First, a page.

Athens See And Do
Tel: 30 210 321 4172
Tel: 30 210 321 0219
The entire hill is the Acropolis; the 5th-century B.C. temple to Athena Parthenos is the Parthenon. Try to arrive early for less heat and fewer crowds; you can always return, because admission allows you back in anytime the same day. And whatever you do, don't pick up any stones (remember the tourist arrest in spring 2004?). Wear your comfiest shoes and lots of sunscreen—the climb is pretty relentless and there isn't much shade—and take your bathroom break beforehand (the facilities at the top aren't exactly up to the demand). A barely advertised elevator for wheelchair users has existed on the north face since August 2004. The approaches from the south and west sides—Apostolou Pavlou and Dionysiou Areopagitou—have been recently improved, widened, pedestrianized, and generally beautified, making the whole experience much sweeter.
Open daily 8 am to sunset, mid-April through October; open daily 8 am to 4:30 pm, November through early-April.
44 Patission Street
Tel: 30 210 821 7717
The National Archaeological Museum is newly (post-Olympics) renovated and a must-see. With 48 rooms, it's the largest museum in the land, but still way too small for everything to be on display—especially since 30,000 further objects of antiquity were unearthed during the Metro construction. See rooms and rooms of sculptures from 700 B.C. to the early Byzantine era, including (no surprise) the world's most important collection of ancient Greek works, and don't miss the curiously haunting 14th-century B.C. golden Mask of Agamemnon.
Southeast of Syntagma Square
When your lungs are dusty and you need to see green, slip inside the verdant, semi-tropical National Gardens, established in 1840. Also useful for kidsthere's a playground, a children's library with toys (and blessed AC), and a lot of ducks.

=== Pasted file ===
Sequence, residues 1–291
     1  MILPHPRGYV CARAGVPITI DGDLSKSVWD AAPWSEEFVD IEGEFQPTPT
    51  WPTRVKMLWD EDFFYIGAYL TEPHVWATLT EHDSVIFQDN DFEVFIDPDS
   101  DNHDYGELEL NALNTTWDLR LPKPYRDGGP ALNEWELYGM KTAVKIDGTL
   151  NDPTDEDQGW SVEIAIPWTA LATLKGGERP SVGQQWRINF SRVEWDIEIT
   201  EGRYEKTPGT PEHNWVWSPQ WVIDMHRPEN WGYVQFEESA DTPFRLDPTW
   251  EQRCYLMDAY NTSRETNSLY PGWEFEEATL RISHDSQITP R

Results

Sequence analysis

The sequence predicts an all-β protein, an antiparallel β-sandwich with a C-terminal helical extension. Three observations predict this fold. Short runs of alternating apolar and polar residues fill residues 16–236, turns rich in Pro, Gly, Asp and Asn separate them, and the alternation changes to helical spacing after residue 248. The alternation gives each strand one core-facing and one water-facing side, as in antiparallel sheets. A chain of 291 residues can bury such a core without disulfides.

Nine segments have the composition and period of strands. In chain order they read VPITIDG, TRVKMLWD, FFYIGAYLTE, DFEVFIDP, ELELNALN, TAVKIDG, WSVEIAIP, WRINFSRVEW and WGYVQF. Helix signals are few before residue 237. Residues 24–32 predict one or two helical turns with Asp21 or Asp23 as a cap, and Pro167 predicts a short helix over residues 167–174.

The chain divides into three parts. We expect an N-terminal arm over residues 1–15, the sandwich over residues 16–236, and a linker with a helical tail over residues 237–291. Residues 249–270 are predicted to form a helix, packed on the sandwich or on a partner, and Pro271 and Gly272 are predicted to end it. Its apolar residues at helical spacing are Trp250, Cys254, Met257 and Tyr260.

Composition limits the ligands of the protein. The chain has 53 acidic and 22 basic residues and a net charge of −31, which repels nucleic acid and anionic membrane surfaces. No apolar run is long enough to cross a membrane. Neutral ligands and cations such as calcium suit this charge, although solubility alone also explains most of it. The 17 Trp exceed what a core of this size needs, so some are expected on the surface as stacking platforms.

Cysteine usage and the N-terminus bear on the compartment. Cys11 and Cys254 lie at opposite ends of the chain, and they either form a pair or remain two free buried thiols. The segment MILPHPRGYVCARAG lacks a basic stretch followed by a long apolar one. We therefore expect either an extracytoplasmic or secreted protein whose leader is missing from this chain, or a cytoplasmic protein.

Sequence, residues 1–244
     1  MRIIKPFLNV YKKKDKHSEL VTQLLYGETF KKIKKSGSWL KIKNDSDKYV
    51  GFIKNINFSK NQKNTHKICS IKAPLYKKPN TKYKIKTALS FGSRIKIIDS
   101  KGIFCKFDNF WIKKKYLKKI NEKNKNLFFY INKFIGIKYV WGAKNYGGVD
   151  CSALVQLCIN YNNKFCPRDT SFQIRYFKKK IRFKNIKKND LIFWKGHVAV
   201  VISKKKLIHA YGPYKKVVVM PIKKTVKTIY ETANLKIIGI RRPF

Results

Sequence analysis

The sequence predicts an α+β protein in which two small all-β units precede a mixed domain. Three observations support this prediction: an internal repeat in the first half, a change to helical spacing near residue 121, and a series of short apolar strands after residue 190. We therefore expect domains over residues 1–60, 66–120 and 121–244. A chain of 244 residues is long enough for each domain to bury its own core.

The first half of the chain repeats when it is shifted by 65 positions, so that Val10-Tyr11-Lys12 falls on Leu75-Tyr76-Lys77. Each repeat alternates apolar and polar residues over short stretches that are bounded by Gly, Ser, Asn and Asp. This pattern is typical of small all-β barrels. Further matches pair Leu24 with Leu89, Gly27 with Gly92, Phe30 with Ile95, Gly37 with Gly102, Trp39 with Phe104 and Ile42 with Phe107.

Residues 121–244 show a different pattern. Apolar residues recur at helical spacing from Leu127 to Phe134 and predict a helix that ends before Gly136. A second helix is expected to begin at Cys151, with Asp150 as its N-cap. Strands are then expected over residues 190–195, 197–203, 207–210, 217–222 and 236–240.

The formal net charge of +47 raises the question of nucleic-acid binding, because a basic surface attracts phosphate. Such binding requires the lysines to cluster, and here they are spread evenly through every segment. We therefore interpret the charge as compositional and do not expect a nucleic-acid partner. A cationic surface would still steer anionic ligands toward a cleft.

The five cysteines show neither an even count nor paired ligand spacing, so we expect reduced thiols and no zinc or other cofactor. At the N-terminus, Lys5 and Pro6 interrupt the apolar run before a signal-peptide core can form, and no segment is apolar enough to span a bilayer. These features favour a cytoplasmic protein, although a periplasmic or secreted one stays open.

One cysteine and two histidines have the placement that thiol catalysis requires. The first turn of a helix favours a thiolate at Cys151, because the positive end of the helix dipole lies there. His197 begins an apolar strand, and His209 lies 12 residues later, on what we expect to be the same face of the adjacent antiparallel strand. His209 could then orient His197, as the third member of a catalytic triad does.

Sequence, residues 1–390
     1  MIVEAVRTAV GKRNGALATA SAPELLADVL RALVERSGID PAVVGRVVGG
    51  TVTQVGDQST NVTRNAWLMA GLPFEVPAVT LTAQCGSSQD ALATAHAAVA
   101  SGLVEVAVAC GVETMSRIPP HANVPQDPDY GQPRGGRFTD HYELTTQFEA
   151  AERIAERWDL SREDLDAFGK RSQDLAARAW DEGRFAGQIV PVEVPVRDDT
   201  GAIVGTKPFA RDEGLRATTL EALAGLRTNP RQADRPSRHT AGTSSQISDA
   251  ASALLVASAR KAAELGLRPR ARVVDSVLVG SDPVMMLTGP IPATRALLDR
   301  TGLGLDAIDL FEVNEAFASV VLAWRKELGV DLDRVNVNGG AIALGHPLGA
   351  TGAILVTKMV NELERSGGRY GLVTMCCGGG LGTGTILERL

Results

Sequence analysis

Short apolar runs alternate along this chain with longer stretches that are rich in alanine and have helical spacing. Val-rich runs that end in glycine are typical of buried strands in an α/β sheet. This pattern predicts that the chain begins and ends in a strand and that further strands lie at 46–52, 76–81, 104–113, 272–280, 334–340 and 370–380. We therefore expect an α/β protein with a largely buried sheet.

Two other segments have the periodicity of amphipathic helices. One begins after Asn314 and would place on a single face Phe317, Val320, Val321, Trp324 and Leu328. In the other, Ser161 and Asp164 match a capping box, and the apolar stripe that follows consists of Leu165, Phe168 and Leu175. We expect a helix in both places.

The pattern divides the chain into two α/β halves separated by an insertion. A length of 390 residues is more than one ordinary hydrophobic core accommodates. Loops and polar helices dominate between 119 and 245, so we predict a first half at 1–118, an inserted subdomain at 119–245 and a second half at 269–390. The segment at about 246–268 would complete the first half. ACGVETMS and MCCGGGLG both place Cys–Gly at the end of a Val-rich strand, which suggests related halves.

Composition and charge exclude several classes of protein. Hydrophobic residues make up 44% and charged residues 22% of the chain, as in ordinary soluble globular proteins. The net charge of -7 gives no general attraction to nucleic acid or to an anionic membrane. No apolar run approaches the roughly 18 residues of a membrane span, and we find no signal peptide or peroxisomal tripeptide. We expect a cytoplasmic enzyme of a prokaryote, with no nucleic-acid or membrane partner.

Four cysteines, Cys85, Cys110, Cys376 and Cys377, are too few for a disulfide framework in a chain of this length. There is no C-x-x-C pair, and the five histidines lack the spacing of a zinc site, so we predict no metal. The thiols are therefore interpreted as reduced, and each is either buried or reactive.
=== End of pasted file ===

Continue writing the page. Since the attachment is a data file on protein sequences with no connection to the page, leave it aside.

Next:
Open daily 7 am to sunset.
Athens's nicest, nearest beach is found in the pleasant resort area of Glyfada. It's accessible by tram (get off at the Paralia Glyfadas stop), and packed with lots of cafés, restaurants, and good shopping.
14 Frantzi Street
Tel: 30 210 924 2111
Modern art is not the first thing that comes to mind when you think of Athens, but this institution, established in 2000, aims to change that. It occupies an appropriate building: Greece's first brewery, established in 1853; it was rebuilt in 1957 by Takis Zenetos, probably Greece's foremost architect of the postwar modernist period. Now it's being transformed into a 21st-century arts palace with many exhibition spaces, shops, and restaurants, by hip Athenian architects 3SK Stylianidis. Until it's finished, the EMST (National Museum of Contemporary Art) is occupying the exhibition spaces at the Megaron (Athens Concert Hall) for its shows (1 Kokkali St.; 30-210-728-2333).
Tel: 30 210 923 8175
Following what some might call a classic Greek construction schedule, the New Acropolis Museum, originally planned to be ready for the 2004 Olympics, finally opened in June 2009. Sections of the ground floor are glass, allowing views of excavations beneath the new building. Glass is a primary design element throughout the modern structureso distinct in style from its neighbor, the Parthenonwhich replaces the old, too small Acropolis Museum (which closed in July 2007) as a repository of finds made during excavations of the Acropolis. While the new museum displays many marble and bronze artifacts, the most interesting display may prove to be the veiled plaster casts meant to represent the Elgin Marbles, a collection of decorative pieces largely from the Parthenon that since 1817 has been in the British Museumwhich, despite Greek protests, shows no interest in returning it.
Open daily 10 am to 6 pm.
100 Piraeus Street
Tel: 30 210 346 0981
In Gazi, the old gasworks next to Keramikos, is this enormous art project, established in 1999. It consists of eight buildings converted from gas containers, chimney stacks, and furnaces, and named after Greek poets (Andreas Embirikos, Angelos Sikelianos, Yannis Ritsos, etc.). At the center is The Millennium Globe, a sculpture by Nikos Yiorgos Papoutsides symbolizing world peace. The place is still very much evolving, as is the surrounding areait's often called a "factory for generating art."
Open Mondays through Fridays 10 am to 10 pm.